Technological innovation continues to be important, but our focus is evolving. In today’s world, this means looking at new ways to deliver energy to our customers, including distributed generation and energy storage. It also means exploring all the ways that new technologies can enhance all parts of our business.

This can be both challenging and a bit disconcerting. After all, our success historically has been centered on building and operating the best large-scale, centralized generation resources and developing the most efficient and effective transmission and distribution systems. We’re incredibly good at that.

Today, being innovative means moving beyond just our core competencies and embracing the technologies customers want. It means giving our customers the ability to access electricity and energy in the way that makes the most sense to them.

AEP 765-kilovolt (kV) transmission tower in Virginia

AEP 765-kilovolt (kV) transmission tower in Virginia.
AEP built the first 765-kV (EHV) extra-high-voltage transmission
lines in the United States and operates more EHV transmission
lines than all other U.S. utilities combined.

How significant is your concern about cybersecurity and what have you done to address that concern?

We have been one of the leaders in the cybersecurity effort in our industry. We know we’re never going to prevent every cyber attack so our focus has been on having the best measures in place to try to prevent infiltration of our systems while also having a comprehensive plan to mitigate the impact if a cyber attack is successful. This means not just ensuring we have the information technologies to respond but also ensuring there is a high level of resiliency in the electricity grid itself.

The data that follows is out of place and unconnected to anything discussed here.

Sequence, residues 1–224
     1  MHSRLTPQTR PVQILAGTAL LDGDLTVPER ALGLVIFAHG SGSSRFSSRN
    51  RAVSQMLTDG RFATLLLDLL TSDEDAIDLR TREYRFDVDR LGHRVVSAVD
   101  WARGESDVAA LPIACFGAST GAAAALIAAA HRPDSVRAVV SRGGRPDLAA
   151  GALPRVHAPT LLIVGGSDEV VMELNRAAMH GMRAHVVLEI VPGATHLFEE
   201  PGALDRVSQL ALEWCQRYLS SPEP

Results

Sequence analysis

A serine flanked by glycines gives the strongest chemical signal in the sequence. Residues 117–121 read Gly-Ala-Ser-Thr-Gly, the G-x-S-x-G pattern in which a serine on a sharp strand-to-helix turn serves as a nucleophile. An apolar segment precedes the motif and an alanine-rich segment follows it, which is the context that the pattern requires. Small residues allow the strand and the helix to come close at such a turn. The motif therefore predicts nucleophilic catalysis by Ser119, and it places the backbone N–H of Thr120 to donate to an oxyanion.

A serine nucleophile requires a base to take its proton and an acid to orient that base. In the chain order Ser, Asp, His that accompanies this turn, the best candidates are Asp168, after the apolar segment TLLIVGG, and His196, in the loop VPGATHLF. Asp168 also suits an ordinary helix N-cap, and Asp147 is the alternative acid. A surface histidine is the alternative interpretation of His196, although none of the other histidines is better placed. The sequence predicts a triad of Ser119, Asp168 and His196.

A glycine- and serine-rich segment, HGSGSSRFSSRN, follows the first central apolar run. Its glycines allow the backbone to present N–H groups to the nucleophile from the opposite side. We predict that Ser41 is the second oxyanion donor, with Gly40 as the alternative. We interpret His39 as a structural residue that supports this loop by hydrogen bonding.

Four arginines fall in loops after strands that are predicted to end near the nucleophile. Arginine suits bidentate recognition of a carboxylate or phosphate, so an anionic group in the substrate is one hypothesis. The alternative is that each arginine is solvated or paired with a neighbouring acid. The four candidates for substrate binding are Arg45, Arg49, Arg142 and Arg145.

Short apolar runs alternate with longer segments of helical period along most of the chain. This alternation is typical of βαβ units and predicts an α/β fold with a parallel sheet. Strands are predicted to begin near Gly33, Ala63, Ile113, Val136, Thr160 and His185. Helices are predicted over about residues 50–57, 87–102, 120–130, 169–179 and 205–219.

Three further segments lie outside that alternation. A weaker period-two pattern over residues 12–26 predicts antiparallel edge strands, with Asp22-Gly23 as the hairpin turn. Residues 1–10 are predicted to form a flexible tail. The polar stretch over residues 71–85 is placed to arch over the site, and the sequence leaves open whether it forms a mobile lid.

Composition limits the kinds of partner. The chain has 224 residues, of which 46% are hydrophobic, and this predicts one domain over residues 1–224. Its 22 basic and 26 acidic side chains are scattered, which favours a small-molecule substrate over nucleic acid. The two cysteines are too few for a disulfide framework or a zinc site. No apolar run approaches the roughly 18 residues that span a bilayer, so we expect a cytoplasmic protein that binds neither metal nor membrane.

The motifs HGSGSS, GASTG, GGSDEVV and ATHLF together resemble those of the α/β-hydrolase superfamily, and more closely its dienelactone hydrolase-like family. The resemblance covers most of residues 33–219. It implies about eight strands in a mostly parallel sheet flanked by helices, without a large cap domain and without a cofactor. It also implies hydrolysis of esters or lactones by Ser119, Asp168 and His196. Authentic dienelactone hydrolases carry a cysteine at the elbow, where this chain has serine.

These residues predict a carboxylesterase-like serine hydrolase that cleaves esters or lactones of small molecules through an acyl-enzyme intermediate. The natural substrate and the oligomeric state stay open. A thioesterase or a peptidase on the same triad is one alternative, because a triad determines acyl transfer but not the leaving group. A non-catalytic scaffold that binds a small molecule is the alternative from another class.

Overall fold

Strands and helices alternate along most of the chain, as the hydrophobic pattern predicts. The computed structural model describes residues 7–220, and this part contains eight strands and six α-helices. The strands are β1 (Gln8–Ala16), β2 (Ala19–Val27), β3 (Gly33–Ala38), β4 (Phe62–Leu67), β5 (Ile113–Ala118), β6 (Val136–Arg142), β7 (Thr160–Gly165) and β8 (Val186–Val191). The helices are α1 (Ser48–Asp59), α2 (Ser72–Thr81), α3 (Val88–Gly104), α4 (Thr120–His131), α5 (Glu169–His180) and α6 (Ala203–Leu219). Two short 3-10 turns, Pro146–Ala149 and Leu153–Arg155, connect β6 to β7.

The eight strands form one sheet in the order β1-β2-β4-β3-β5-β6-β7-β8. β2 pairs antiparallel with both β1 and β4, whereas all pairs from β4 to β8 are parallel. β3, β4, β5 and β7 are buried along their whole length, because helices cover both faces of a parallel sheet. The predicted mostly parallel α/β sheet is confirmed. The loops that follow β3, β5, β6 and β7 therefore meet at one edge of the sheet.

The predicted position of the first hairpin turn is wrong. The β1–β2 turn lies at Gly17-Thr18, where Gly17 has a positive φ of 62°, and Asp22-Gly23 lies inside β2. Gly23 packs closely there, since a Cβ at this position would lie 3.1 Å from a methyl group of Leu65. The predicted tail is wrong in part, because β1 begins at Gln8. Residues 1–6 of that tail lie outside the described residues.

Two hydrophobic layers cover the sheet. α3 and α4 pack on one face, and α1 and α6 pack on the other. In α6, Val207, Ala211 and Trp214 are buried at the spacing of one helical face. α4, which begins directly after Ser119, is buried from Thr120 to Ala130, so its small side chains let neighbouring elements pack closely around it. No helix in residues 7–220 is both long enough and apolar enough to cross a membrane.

AEP and other utilities are taking actions to ensure the continued security of the grid, both to address cyber attacks and to detect and prevent attacks on the grid’s physical assets. We’ve also put in place a more robust response system in the event an attack is successful. We understand the risks, and we’re partnering with the federal government and specialists in cyber and physical security to ensure our protection and response systems are as effective as possible.

What are the broad challenges facing the electric utility industry and how is AEP tackling them?

Our current focus is on infrastructure development to create a more resilient, efficient electric grid that will enhance the tech-based customer experience and effectively integrate renewables, distributed generation, and smart networks.

We want to have a system that allows customers to receive their electric supply in the way they want, and that means we will have to effectively integrate and accommodate many types of resources.